- June 12, 2018
- Posted by: admin
- Category: IT Security
An appropriate level of privileged account control and management plays a significant role in ensuring your organization’s cybersecurity. Verizon reports that in 2017, privilege misuse was behind 12% of all security breaches.
And according to Gartner, by 2020, the lack of Privileged Account Management (PAM) processes will be the cause of more than half of all security failures associated with IaaS and PaaS services.
Monitoring and managing accounts with privileged access are one of the main requirements of leading compliance standards such as HIPAA and PCI DSS. PAM tools help organizations ensure secure access to critical information and decrease security risks by controlling, monitoring, recording, and auditing privileged users’ activity.
There are two PAM approaches that can be implemented within an organization:
- Privileged account and session management (PASM)
- Privilege elevation and delegation management (PEDM)
PASM focuses on protecting privileged accounts by vaulting their credentials and managing them actively as well as recording full sessions. Access to these accounts is brokered for human and non-human users (services and applications).
PEDM, on the other hand, provides more granular control, with host-based agents granting privileged access specifically to certain users and usually only for certain activities.
Even though these two approaches are complementary and can be implemented simultaneously within the same organization, it would be wise to start with just one set of tools. Today, we’ll focus on implementing PASM.
PASM: What is it and how does it work?
Privileged account and session management (PASM) tools are meant to monitor, control, and manage accounts with enhanced permissions. Basically, the PASM approach consists of two tasks: controlling privileged accounts and managing privileged sessions.
Managing privileged accounts
he first task is to manage accounts with elevated permissions that allow access to critical data. An organization usually has three types of privileged accounts:
- Administrative accounts
- System accounts
- Operational accounts
These accounts are one of the biggest risk factors within a corporate network. They’re vulnerable to both outsider attacks and insider threats and therefore require tight control.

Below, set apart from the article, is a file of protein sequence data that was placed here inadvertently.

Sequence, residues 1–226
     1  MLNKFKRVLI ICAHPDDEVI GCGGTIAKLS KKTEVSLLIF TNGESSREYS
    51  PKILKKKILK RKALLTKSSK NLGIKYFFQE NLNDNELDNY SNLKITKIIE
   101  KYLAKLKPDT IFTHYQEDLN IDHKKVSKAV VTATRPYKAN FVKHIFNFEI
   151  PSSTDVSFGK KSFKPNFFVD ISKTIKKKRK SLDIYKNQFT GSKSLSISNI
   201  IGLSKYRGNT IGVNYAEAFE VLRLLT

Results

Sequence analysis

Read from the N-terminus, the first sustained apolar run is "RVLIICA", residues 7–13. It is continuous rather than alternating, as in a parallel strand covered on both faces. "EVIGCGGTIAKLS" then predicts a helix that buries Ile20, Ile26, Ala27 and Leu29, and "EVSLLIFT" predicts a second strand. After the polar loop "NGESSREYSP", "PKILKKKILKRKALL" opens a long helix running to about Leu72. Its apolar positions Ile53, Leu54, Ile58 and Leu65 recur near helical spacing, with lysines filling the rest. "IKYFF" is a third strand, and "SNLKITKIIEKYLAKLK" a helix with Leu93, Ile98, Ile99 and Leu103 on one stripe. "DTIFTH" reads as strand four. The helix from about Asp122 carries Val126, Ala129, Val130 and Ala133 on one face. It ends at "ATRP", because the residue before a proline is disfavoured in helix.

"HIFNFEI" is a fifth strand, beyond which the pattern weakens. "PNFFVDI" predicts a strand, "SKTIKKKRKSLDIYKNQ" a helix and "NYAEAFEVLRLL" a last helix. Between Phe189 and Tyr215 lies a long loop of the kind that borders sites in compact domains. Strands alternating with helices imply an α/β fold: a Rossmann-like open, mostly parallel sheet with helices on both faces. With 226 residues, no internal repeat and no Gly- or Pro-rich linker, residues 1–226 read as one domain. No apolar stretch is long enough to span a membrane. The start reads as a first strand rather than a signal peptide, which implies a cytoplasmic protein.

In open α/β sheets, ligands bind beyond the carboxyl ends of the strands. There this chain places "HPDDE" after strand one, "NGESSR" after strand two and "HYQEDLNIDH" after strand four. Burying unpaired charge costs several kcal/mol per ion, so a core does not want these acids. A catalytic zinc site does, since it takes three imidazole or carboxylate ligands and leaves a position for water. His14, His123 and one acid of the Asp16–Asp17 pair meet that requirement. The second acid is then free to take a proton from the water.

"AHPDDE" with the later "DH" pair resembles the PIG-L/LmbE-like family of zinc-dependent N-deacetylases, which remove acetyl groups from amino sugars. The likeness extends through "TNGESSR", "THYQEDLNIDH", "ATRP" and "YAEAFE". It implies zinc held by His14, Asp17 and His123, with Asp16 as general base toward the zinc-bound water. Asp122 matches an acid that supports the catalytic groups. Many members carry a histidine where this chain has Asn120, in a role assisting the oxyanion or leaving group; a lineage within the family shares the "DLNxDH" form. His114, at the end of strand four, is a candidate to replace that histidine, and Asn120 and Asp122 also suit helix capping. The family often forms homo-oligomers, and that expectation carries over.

Privileged account management includes:
- Granting and revoking access to privileged accounts;
- Monitoring and auditing the activity of users with elevated permissions;
- Securing passwords with a password vault;
- Changing passwords to privileged accounts on a regular basis.
Now let’s look at managing privileged sessions.
Managing privileged sessions
Privileged session management (PSM) focuses on monitoring, recording, and managing sessions started by privileged accounts. Aside from real-time monitoring, session auditing activities may include recording full sessions, including recording screens and capturing keystrokes, thus allowing for live viewing and playback when needed.
PSM helps you identify unauthorized or anomalous actions and stop or at least halt them until you can make sure that the controversial activity is legitimate. Plus, session management provides an unimpeachable audit trail that proves rather helpful for incident investigation.
With PASM tools allowing you to manage both privileged sessions and accounts, you can address a larger set of cybersecurity risks and boost the level of your company’s critical information protection.
Key features of PASM solutions
When selecting a PASM solution, pay special attention to the features it provides. Below, we’ve listed several features that are necessary for any PASM solution:
Vaulting passwords – An encrypted and hardened vault is required for storing any credentials of privileged accounts, including private keys and passwords.
Changing passwords regularly – Passwords should be changed on a regular basis. It’s a common practice to change passwords at set intervals (weekly, monthly, or quarterly) or after specific events.
Access control for shared accounts – Access to shared accounts may be granted based on additional workflow approvals or the use of a high-trust multi-factor authentication (MFA).
Session establishment – A separate session should be established for each privileged user to ensure better visibility of their actions.
Privileged session recording and playback – All privileged sessions have to be recorded in a searchable and comprehensive way. Recordings should be taken in both video and command-line formats.